I was so focused on talking about foreign exchange services which are applicable to very particular parts of the population, that I almost forgot to speak about its ugly cousin, the travel money thing. Credit card to cold hard spending cash for holiday. Do you think you get a good deal there? Do you know what you usually pay? What is the typical amount your trade? Please do let me know and I'll continue this on my next post.
Archive for July, 2015
So, on my previous post, I told you about my meeting at the bank, with exact terms/ costs on Foreign Exchange transfers offered to me at the bank.
Now, I want to compare it to one company I work with (also affiliated with, but the stats are completely true).
That company is Currencies Direct. It's a UK-based company and one of the largest currency brokers in existence. Like the majority of Foreign Exchange companies, their focus is on high volume transfers, usually conduct by telephone, but on the other hand offer a platform for any transfer above 100 Pounds.
It's FCA-regulated, with 18 offices worldwide, been in the business for almost 20 years now, won several awards etc. - very trustworthy and I feel very keen on recommending them (note: I have commercial interest; What I do for business is delivering clients to these sort of companies).
Note: They accept international clients; Mostly focused on UK, US, EU, Scandinavia and Australia. It's easier to sign up a UK-based individual or business than with other locations due to anti money-laundering which requires such companies to receive much documentation about their clients.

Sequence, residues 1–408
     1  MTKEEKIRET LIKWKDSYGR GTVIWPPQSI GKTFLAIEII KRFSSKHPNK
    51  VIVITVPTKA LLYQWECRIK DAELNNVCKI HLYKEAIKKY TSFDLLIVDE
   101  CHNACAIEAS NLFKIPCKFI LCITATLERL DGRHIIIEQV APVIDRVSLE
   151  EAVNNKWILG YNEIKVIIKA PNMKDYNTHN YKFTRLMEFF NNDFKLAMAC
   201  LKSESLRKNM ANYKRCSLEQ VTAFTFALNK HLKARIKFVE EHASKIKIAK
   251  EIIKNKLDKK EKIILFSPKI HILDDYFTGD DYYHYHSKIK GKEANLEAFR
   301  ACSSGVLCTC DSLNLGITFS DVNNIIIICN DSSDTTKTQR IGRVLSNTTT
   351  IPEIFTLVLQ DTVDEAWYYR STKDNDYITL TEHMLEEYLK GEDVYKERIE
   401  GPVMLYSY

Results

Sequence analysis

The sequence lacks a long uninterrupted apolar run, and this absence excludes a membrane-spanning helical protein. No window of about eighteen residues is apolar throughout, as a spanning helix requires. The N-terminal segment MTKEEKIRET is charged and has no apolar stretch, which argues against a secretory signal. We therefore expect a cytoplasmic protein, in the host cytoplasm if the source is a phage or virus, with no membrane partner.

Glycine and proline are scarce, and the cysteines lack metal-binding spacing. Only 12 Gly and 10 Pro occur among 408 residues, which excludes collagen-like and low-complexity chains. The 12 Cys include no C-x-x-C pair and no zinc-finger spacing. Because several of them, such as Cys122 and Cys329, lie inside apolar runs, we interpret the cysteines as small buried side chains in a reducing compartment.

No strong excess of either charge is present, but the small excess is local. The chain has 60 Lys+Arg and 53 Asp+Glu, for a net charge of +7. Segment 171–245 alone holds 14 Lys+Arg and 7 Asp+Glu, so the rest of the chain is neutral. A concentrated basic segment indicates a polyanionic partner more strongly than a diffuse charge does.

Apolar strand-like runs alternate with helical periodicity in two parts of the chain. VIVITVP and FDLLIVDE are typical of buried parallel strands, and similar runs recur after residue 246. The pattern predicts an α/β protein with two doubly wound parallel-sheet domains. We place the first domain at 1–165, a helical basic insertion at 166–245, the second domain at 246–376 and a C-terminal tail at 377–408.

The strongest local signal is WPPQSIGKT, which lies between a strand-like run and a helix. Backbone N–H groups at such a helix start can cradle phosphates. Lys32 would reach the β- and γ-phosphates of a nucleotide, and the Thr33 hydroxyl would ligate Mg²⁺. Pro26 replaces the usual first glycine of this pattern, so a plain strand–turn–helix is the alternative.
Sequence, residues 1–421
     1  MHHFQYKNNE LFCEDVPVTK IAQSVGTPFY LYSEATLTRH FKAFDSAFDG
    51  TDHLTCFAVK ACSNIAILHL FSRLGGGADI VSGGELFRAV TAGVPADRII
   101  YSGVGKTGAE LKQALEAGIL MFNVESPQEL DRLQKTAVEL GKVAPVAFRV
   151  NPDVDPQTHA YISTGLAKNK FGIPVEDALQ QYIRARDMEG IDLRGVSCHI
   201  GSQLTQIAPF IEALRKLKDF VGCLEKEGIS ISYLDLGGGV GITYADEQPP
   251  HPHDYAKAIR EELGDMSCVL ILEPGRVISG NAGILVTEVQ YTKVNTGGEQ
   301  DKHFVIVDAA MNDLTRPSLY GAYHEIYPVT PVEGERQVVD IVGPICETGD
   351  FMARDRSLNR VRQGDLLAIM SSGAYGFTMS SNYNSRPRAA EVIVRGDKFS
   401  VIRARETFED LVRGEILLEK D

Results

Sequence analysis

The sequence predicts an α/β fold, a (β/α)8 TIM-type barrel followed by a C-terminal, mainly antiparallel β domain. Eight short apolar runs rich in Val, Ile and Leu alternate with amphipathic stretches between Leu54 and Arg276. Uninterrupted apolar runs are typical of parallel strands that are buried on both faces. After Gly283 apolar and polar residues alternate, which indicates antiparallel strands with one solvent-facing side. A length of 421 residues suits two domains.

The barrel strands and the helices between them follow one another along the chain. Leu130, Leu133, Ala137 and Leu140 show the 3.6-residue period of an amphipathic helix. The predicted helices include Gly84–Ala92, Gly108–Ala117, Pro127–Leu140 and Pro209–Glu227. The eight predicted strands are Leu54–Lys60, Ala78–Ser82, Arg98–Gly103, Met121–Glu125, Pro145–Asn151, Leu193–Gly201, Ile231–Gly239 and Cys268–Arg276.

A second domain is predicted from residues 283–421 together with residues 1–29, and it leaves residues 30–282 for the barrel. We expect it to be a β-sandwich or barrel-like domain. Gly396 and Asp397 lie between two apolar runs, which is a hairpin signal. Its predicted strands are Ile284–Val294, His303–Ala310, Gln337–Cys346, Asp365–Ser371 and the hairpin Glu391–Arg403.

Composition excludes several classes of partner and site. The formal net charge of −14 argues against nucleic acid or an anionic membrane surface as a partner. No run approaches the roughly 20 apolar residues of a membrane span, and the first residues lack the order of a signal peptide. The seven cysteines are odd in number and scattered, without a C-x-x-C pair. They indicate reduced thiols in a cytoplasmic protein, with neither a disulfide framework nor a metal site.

With Currencies Direct, you will get a better exchange rate than the bank. The exact margins that will be taken will depend on the volume of your trade, the currency pair and its liquidity (exotic currencies will induce high spreads), and the type of services you will need. If you need a straight-up FX transfer on the spot, and willing to haggle, you could probably get to very low exchange rates; if you need services from them (like following the rates and notifying you on the right moment to make the transfer - which is very much recommended in these times of volatility) - you might settle for the initial exchange rate offered to you.
If you compare it to the terms I have previous mentioned and taken from my bank (the actual number don't apply anymore since with the recent Greek crisis, the EURUSD has dropped significantly), you see the following:
Fees: My bank - $25, CD - $0
Commission: My bank - 0.2% (after the initial number was twice that much and I haggled for a while)
Spreads: My bank - 1.58%, CD - ~1%, but could be much lower depending on volumes.
Service: Bank - nothing, CD - dedicated dealer following your requirements and finding the right time to transfer, plus hedging tools (they can secure current rate to make sure you will not be harmed by exchange rate fluctations.
Translation in hard cash:
- Save >25$ on your small $100 transfer (as no fees are incurred).
- Save about half on the costs of a medium $x,xxx transfer (about 1% of that amount).
- Save potentially as much as 1.5% on large $xx,xxx+ transfers. That can translate to thousands, or tens of thousands of dollars (if your a business transferring a lot of currency regularly).
You can find our complete list of recommended currency brokers on the homepage of InternationalMoneyTransfers.org. The easiest and most recommend thing to do is click on all recommended companies, sign up with them, and see which one is most suited to your needs.
You can view the guide here:International Currency Transfers Guide